Does Bat Freeloading Endorse Communism?
It may be rare to find the word ‘scrounge‘ in a scientific paper, but evolutionists at Tel Aviv University used it often to describe these same fruit bats. In their paper in Science Advances, the open-access journal of the AAAS, they think some bats are scroungy characters. To “scrounge” means to borrow without any intention of returning it. Egyptian fruit bats live in trees in colonies of tens of thousands of individuals or more, building relationships for over a decade. In their attempt to understand the social relationships of these bats, the evolutionists set out some fruit in bowls to see how the bats behaved. The majority were “producers” who hunted for fruit and flew back to the roost with it. A minority, however, were “scroungers” who stole it from the mouths of the producers. The scroungers tended to act more wary at the bowls, holding their heads higher, looking around, and not taking as much of the fruit. They also tended to scrounge from the same limited number of individuals. Female bats tended to work more on producing during lactation periods. That’s the extent of the empirical observations.
What’s the take-home message of this apparently persistent relationship of producers and scroungers? Does it provide useful information about the ‘evolution’ of sociality in other mammals—even in humans? First of all, the astute reader should notice drawbacks in the materials and methods. Putting out fruit in a bowl is a highly artificial situation. The scientists knew they could not easily observe the bats in their natural roosts, hidden as they are by dense foliage, so they studied artificial habitats with highly reduced populations. Nevertheless, they claim they observed more than 13,000 social interactions – enough, they believe, to draw generalizations about wild-type behavior:
What is known about scrounging outdoors? It is hard to observe the bats’ behavior within the thick foliage, but we have witnessed scrounging many times in the wild when a bat returns to its colony with a piece of fruit in its mouth and is approached by individuals trying to scrounge the food. We do not have data on persistent producer-scrounger ties outdoors. However, an inspection of 24 scrounging attempts on bats that returned from foraging with food in their mouth to a wild monitored colony revealed two scroungers that scrounged at least four times on different nights and four additional scroungers that scrounged at least twice on different nights (movie S1).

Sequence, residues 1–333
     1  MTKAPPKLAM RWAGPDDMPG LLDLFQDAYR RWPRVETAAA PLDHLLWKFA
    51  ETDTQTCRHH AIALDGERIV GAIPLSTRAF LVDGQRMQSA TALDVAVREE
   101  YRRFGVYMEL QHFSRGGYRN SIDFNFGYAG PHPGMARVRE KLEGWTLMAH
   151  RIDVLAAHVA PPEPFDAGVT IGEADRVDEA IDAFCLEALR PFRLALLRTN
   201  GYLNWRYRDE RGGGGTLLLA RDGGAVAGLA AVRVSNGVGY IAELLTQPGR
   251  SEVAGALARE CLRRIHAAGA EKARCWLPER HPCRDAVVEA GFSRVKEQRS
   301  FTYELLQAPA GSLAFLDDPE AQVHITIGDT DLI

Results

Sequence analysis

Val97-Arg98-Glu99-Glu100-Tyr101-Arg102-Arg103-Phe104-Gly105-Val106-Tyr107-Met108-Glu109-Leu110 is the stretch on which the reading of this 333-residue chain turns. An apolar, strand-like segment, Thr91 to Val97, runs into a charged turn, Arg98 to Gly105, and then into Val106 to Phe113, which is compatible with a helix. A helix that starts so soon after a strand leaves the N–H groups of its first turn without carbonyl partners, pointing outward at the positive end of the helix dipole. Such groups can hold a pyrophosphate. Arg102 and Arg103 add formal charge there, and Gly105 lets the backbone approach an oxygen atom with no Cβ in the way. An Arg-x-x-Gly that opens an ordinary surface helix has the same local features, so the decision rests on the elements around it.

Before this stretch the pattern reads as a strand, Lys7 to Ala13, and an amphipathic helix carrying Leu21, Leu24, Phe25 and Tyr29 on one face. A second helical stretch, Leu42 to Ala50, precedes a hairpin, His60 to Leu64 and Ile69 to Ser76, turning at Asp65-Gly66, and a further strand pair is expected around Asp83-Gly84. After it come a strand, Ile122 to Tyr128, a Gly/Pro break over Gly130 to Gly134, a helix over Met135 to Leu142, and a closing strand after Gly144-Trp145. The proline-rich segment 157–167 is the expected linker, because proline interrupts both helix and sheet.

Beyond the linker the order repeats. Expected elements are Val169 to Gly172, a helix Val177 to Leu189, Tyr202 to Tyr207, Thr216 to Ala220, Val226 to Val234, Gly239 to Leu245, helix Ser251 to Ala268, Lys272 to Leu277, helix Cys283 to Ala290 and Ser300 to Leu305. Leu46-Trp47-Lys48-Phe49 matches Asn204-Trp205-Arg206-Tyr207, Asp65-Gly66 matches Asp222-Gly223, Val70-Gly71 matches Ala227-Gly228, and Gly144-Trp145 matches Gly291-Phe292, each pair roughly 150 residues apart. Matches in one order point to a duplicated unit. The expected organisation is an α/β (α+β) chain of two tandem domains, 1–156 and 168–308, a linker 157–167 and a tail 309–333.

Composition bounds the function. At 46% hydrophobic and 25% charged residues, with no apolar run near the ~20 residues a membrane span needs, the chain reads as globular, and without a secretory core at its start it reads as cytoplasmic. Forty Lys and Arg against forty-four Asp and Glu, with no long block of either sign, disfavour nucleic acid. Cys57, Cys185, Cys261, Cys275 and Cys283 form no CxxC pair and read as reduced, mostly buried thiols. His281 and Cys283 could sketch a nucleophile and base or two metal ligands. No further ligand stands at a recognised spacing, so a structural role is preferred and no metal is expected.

That’s a pretty small sample to describe millions of animals that have lived for thousands of years without the watching eyes of modern scientists. Even giving the researchers the benefit of the doubt, however, generalizations about the “evolution of sociality” from this experiment and the use of “game” theory to describe it go too far beyond the data. They cannot be sure that the same behaviors hold true in nature in the dark of night, at all seasons of the year, throughout the vast range of the bats. They also do not know what other factors enter the equation: relatedness, sex, communication, microbiota transfer, and factors not even thought of. The researchers acknowledge that many questions remain about not just bats, but Egyptian fruit bats.
Most importantly, such observations cannot in any way advise humans on economics or political science, because humans have the power to think, reason, and choose. No one should assume that this paper tells people that a society of scroungers produces a stable economy. The 20th century should already provide ample data to conclude that “From each according to his ability, to each according to his need” and other redistributionist strategies are unstable and eventually collapse, leaving incalculable suffering in their wake.
Humans are not bats. We observe bats, but we do not see them putting us in a ‘human lab’ at the Bat Institute of Technology. The differences are too profound to generalize about human behavior from observing bats. Beware the evolutionists who try to apply “the evolution of sociality” into political systems.
We have some similarities with the bat colony, though. There are many humans who take things without any intent of returning them. We see this most clearly among Darwinians. They scrounge theological premises, such as the laws of logic, parts of morality and rationality – things they could never produce on their own – then gulp it down, breaking it apart with Darwin acid, reassembling it, and extruding it out the terminus of their philosophical convolutions as Darwin Fudge. Biology teachers and secular reporters scrounge for this toxic substance and think they are doing their duty as recyclers. The founders of science were producers, not scroungy characters scrounging other people’s good fruits and making garbage out of it.
Real science shows these amazing mammals batting close to a thousand. That’s the message from the data.